If you don’t understand where we are in the oil story, none of the geopolitics makes sense. It has nothing to do with Iran. We don’t like their leaders. There are horrible leaders all over the world that the United States never says anything about. They don’t happen to be sitting on any oil. I’ve been to China. I’ve talked with people that are fairly high up in the Chinese leadership structure. There are a lot of scientists there. They got a lot of PhDs. One gentleman there said to me, this was when Obama was president. He somewhat caustically said, “We don’t have any community organizers at the top.” That’s Obama’s background. He was a community organizer. “What do you mean by that?” He said, “To get anywhere in China, you have to have managed at least 100 million people for a couple of years. You break your way up and you work through. Everybody has an advanced degree.” They don’t have lawyers. That’s not a specialty that they revere. Compare that with Washington, DC. Almost all are lawyers.

Unfairness is one of the worst social sins you can commit. Click To Tweet

When I talked with them about the resource stuff, they get it. They said, “The business of China is business. The business of the United States is war.” That’s fine. We think we’d rather go about this with our magic checkbook. They understand where they are in the oil story. They admitted to themselves when their own peak of oil was going to happen, which was 2018. It’s in the rearview mirror. China has publicly announced that. They know they’ve got big issues. They also know they can walk to the Middle East, which is a distinct advantage to countries that have to sail there. They’ve got their eye on the prize. That’s the larger game that’s happening here behind the scenes. You want to know about Russia and why the United States is so at odds with Russia. You have to understand the power Russia has, given that it’s very few people have massive eight times their own property with a lot of natural resources. It includes oil and gas, which they’re supplying to Europe and increasingly to China. That’s an important lens to have in the story.

I’m assuming your audiences are not just domestic. You have audiences that are around the world. What are you seeing them take away from what you’re teaching them regarding these points and the other things you write and talk about?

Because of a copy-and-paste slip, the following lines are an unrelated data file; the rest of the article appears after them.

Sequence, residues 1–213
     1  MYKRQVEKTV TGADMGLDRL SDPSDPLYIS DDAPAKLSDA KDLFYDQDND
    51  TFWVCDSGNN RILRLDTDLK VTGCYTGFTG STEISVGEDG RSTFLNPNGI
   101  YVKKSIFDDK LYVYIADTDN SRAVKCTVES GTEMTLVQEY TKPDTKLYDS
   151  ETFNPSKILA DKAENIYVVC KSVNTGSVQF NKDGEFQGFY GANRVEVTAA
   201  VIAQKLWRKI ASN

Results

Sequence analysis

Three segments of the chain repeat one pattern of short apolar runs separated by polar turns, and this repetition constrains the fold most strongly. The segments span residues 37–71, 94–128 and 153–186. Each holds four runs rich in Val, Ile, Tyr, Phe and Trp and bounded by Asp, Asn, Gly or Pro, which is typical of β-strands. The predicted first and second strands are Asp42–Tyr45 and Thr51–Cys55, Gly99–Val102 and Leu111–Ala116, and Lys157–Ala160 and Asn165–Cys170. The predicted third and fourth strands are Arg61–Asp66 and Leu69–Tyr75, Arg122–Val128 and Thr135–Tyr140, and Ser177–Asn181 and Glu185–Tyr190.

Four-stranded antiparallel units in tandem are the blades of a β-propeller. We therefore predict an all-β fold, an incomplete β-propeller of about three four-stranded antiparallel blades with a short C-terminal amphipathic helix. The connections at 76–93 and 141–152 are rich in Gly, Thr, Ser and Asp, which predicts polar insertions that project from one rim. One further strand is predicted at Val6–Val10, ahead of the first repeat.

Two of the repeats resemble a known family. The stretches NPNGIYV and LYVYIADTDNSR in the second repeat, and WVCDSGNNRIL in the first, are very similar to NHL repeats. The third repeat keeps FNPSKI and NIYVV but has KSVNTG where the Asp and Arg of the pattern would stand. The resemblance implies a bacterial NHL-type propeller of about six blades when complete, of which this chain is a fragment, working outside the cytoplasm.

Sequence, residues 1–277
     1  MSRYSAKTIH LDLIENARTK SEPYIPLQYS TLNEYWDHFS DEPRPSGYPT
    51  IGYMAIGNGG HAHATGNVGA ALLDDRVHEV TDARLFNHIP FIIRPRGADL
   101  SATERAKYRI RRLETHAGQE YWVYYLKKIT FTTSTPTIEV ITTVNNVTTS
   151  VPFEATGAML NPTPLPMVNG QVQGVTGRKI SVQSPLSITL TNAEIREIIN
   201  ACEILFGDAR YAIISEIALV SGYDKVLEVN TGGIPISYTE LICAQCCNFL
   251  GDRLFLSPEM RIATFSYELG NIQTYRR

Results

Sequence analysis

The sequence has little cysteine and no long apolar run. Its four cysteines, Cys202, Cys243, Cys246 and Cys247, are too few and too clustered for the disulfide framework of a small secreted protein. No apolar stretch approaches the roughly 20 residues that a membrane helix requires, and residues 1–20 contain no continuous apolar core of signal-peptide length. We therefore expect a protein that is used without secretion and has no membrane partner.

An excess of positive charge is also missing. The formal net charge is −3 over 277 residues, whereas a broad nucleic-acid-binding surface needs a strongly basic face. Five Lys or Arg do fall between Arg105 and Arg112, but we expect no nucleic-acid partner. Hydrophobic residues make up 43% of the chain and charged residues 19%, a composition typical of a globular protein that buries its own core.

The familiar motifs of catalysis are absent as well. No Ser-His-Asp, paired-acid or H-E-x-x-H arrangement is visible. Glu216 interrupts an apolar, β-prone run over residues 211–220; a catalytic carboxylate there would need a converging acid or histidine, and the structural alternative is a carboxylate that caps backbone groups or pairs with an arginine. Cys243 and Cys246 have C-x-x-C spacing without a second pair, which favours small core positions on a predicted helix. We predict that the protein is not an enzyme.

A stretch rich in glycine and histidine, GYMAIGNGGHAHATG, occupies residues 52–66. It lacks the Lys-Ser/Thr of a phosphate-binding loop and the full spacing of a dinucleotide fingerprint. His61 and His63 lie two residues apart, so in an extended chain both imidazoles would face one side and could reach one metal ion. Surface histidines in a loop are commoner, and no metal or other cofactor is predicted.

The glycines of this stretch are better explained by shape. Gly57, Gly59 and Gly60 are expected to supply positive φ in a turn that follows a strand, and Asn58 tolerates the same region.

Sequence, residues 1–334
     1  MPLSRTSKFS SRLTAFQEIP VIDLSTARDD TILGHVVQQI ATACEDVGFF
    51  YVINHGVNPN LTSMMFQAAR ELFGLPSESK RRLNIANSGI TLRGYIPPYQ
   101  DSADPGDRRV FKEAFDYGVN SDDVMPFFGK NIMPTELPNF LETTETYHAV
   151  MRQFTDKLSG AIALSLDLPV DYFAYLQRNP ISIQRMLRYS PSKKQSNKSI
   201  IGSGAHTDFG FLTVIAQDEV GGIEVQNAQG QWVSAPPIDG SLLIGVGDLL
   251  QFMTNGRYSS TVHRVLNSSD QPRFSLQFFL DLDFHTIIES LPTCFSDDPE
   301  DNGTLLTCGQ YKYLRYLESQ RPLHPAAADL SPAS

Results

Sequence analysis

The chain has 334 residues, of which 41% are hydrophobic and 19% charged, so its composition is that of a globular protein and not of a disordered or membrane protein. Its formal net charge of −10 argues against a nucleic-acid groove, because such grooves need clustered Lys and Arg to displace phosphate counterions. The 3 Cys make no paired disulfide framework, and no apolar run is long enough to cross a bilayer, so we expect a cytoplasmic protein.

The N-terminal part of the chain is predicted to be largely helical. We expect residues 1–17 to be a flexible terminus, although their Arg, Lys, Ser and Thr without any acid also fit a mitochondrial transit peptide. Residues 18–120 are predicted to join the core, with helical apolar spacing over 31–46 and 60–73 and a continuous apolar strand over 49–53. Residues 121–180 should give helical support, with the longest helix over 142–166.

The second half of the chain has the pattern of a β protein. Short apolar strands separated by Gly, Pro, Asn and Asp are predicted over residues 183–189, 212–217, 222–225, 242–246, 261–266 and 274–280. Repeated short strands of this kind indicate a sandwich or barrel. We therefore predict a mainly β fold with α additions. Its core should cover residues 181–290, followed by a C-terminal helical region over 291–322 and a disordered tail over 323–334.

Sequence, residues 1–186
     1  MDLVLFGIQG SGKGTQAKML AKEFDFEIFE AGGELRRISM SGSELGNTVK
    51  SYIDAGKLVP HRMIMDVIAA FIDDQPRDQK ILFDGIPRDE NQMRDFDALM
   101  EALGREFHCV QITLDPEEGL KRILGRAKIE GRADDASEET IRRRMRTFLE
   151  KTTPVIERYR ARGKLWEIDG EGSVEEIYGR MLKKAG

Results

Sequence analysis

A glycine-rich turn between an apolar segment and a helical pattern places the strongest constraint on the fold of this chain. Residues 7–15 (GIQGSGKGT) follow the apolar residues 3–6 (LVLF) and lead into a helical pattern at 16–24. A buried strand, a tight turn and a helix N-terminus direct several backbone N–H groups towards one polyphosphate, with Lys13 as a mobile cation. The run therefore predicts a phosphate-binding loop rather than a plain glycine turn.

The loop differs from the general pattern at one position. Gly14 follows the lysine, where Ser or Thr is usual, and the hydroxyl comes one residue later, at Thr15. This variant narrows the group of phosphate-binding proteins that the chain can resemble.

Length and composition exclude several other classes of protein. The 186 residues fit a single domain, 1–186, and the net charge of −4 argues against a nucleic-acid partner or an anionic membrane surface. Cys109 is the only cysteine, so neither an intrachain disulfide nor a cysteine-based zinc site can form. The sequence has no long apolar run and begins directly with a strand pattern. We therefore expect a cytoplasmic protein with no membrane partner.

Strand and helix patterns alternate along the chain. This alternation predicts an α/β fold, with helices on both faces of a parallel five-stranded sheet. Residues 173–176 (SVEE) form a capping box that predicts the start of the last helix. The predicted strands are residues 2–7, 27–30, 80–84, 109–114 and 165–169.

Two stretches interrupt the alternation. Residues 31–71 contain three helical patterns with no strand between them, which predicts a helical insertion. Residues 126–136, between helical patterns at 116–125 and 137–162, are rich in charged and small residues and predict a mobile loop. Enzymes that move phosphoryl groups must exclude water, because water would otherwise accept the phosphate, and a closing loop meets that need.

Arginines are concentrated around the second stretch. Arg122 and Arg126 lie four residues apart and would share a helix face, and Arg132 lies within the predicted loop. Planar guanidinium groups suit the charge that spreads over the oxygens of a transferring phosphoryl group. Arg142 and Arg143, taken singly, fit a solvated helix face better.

In the English-speaking countries, primarily the UK and Australia, I’m noticing a lot of people who are gravitating to this message saying, “We’re on the same path.” There’s no, “Here’s how we’re doing this amazingly over here.” There’s almost a resignation that it looks like things are going to have to get worse before they get better. This is noted in every English-speaking country. Most of Europe too is on the same path, which is increasing totalitarian age. It means the organization of their society. It’s more oversight, fewer civilian liberties as it were and an increasing neoliberal event, which means very few people are getting most of the gains. The pyramid is getting tall and top-heavy. Italy broke that model. We’re all starting to see that rise of populous pressure as the unfairness of that. In the tippy top of this pyramid, these people didn’t get there because they built more awesome stuff for the most part. Most of them got there because they siphoned money out of a system that creates money. They’re skimmers. That’s fine, but it’s a very unfair thing. We’re all primates. We don’t like unfairness. Unfairness is one of the worst social sins you can commit. It was Plutarch, all the way back. He said, “The oldest and most fatal ailment of all republics is the gap between the rich and the poor.” If that gap is created out of thin air at no work and no risk and handed to a small crew of people, it’s where the unfairness builds.